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Weekly “What is it?”: Powderpuff Mimosa

The “truffula trees” in The Lorax by Dr. Seuss bear a striking similarity to powderpuff mimosa! Illustration from “The Lorax”

Remember the “Truffula Trees” in Dr. Seuss’s classic children’s book, The Lorax? They were tall, thin-trunked trees with fluffs of bright color on top. I am immediately reminded of that book any time I walk among powderpuff (or “sunshine”) mimosa (Mimosa strigillosa). A low-growing, running groundcover with bright green leaflets, its most noticeable feature is the pinkish purple puff-ball bloom. Not only does it attract human interest, but bees’ as well.

The whimsical, pollen-covered blooms of powderpuff mimosa make it attractive groundcover for insects and humans. Photo credit: UF IFAS Extension

It is rare that I walk past the powderpuff mimosa in our demonstration garden that I don’t see bees of all kinds visiting the blooms. Each flower is composed of hundreds of stamens punctuated by bright yellow pollen.

Another interesting feature of the plant is that when touched, its leaflets will fold up. Similar varieties of Mimosa are called “sensitive plants” because of this response. The plant folds its leaves in the evening to conserve water and pollen. The theory for folding in response to touch is that the plant appears wilted, possibly encouraging grazing animals to move on to a healthier-looking plant. It is easy see the ways animals protect themselves with teeth, claws, and evasive behavior, but self-preservation in plants can be absolutely fascinating.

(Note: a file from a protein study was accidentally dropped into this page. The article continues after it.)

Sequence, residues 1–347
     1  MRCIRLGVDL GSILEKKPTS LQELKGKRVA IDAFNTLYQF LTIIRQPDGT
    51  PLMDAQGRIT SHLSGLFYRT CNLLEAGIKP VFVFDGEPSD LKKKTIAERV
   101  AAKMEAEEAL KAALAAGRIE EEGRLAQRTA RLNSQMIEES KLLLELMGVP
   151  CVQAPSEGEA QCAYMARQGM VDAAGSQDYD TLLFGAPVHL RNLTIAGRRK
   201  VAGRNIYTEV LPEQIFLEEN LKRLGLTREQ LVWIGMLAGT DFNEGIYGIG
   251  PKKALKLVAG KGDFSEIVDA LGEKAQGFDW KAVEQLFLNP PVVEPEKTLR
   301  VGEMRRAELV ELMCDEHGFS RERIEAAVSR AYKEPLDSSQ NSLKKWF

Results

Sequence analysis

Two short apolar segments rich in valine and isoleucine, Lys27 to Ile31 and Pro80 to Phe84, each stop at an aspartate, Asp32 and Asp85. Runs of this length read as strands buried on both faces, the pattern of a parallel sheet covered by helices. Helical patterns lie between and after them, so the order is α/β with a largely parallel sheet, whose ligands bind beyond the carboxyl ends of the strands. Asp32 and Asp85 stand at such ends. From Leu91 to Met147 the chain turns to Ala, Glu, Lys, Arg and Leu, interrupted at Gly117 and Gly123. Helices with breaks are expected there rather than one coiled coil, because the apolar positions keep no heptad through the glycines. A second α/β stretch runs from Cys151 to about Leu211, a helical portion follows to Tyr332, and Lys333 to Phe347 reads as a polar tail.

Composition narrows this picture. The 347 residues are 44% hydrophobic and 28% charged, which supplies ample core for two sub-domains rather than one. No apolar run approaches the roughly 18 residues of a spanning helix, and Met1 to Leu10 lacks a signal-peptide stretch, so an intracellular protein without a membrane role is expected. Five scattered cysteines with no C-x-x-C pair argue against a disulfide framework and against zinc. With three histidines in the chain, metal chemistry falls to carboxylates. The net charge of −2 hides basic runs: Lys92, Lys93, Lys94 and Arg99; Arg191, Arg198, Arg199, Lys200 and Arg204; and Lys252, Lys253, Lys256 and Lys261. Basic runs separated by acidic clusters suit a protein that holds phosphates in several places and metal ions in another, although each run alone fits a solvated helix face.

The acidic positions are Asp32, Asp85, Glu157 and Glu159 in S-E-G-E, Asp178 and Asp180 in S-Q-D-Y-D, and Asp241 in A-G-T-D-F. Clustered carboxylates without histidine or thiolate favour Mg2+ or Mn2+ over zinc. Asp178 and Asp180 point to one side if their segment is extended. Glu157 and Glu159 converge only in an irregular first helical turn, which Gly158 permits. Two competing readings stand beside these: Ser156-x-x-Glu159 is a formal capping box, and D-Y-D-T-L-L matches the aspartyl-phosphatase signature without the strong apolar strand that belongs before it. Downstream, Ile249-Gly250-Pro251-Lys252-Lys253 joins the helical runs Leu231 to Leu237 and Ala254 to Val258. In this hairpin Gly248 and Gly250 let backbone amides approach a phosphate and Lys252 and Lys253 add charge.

Powderpuff mimosa makes an excellent low-maintenance groundcover that also attracts pollinators. Photo credit: Carrie Stevenson, UF IFAS Extension

Despite its shared common name, this plant is not related to the invasive mimosa tree, Albizia julibrissin. Powderpuff mimosa is native to the Gulf Coast and southern United States. Named in 2008 by the Florida Nursery, Growers and Landscape Association (FNGLA) as a plant of the year, powderpuff mimosa has a lot of desirable features in a landscape plant. In my copy of A Gardener’s Guide to Florida’s Native Plants, under “Maintenance” the description is, “None.” You can literally plug a small piece of this plant into nearly any type of soil and it will take off and grow. Its preferred habitat is moist soil in full sun, but it does well in sandy areas and is very drought tolerant. Its ease of growth does mean that it will spread anywhere you want it to (and maybe some you don’t), but if you have other groundcovers or paved areas you can easily trim it back.